Eric Nuttall discusses the growth of U.S. shale
The U.S. briefly became the world’s No. 1 oil exporter as record shale production found its way to global customers, and there are prospects for more.
Surging output from shale helped America ship almost nine million barrels a day of crude and oil products in June, surpassing Saudi Arabia, the International Energy Agency said in a report, citing gross export figures. There’s room to send even more supply overseas as companies add infrastructure to transport the burgeoning production from fields in Texas and New Mexico to the coast.
Gains in U.S. supply are undermining efforts by the Organization of Petroleum Exporting Countries and its allies, whose production cuts are in their third year in a bid to drain stockpiles. The swelling American output, as well as deepening concerns over global demand fuelled by a prolonged U.S.-China trade war, have prompted a drop of almost 20 per cent in benchmark Brent crude from an April high.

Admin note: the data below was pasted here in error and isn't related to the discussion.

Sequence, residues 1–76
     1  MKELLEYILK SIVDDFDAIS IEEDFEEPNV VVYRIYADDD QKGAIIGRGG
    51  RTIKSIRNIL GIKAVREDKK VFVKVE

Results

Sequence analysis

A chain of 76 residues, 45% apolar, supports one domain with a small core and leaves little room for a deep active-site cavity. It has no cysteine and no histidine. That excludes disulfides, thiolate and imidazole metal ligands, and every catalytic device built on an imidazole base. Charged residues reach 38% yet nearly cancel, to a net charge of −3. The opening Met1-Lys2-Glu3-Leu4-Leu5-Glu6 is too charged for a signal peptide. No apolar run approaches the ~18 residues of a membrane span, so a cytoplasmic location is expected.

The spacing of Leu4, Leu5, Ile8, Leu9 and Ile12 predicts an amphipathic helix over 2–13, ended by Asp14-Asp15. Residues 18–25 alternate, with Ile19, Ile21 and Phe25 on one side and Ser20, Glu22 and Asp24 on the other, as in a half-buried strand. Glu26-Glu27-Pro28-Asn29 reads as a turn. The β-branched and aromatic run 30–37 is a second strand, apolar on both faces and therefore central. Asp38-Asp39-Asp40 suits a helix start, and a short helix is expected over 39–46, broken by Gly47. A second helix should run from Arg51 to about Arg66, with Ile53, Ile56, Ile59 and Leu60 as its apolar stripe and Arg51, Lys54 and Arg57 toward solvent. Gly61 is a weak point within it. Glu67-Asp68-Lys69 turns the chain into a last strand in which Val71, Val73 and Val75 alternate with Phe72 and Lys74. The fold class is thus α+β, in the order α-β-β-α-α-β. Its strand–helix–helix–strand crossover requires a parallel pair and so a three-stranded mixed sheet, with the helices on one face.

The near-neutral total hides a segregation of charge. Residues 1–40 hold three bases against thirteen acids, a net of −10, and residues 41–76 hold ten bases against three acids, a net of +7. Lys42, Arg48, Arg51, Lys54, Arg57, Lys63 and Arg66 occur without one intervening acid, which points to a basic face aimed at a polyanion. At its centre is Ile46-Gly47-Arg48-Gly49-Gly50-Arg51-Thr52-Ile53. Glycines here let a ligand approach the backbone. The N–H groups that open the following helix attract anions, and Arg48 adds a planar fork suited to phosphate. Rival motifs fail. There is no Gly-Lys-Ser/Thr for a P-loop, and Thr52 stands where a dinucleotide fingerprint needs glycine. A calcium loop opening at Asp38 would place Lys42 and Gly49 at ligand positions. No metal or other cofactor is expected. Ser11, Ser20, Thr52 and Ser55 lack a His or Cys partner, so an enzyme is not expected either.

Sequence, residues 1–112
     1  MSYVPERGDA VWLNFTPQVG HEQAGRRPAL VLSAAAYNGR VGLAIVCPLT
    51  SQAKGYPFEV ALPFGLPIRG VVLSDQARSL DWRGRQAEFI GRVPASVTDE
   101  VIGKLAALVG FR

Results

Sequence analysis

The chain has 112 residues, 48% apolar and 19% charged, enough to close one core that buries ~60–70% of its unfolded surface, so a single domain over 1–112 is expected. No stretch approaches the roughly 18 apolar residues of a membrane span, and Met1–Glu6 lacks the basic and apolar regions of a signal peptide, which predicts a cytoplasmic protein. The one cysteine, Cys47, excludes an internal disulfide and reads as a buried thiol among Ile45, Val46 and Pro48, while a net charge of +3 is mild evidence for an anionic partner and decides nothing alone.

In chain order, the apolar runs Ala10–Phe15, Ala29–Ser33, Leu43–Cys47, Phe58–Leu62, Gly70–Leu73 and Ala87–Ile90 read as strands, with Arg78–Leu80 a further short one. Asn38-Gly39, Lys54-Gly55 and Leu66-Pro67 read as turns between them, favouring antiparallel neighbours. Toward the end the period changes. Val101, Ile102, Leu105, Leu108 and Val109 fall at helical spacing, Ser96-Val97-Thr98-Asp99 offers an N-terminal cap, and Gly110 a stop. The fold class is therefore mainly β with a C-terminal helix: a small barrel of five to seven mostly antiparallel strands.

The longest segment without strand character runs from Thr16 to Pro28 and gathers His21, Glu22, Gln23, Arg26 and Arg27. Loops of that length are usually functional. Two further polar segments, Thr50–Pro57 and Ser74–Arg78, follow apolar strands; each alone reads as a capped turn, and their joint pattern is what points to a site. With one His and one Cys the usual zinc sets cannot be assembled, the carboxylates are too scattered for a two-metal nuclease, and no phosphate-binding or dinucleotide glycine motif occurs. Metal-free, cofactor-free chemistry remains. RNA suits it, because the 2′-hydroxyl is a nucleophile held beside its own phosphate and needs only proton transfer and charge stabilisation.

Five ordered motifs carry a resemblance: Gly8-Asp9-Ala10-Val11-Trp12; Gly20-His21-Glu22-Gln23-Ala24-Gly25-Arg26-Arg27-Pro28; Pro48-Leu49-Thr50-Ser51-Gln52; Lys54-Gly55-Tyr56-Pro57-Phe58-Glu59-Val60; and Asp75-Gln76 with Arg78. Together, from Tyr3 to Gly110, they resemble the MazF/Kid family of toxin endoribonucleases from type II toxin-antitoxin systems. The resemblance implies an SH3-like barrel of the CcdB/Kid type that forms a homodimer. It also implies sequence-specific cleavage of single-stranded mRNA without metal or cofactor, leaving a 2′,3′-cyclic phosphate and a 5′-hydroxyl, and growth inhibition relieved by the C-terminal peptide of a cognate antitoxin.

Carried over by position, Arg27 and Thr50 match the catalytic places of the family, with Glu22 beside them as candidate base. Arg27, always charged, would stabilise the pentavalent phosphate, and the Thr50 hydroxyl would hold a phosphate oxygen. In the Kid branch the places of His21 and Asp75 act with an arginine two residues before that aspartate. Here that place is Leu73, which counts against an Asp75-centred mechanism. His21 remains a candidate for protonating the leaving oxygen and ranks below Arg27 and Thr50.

The expansion in America’s exports in June was helped by a surge in crude-oil shipments to more than three million barrels a day, the IEA said. At the time, Saudi Arabia was cutting its exports as part of the OPEC+ agreement, while Russian flows were constrained by the Druzhba pipeline crisis.
The Saudis reclaimed the top exporter’s spot in July and August as hurricanes disrupted U.S. production and the trade dispute “made it more difficult for shale shipments to find markets,” the IEA said.
The tussle for the No. 1 slot could remain tight in the months ahead. As Saudi Arabia continues to curb production, the IEA said America’s crude exports could rise by a further 33 per cent from June levels to as much as 4 million barrels a day as new export infrastructure gets built in the fourth quarter of this year.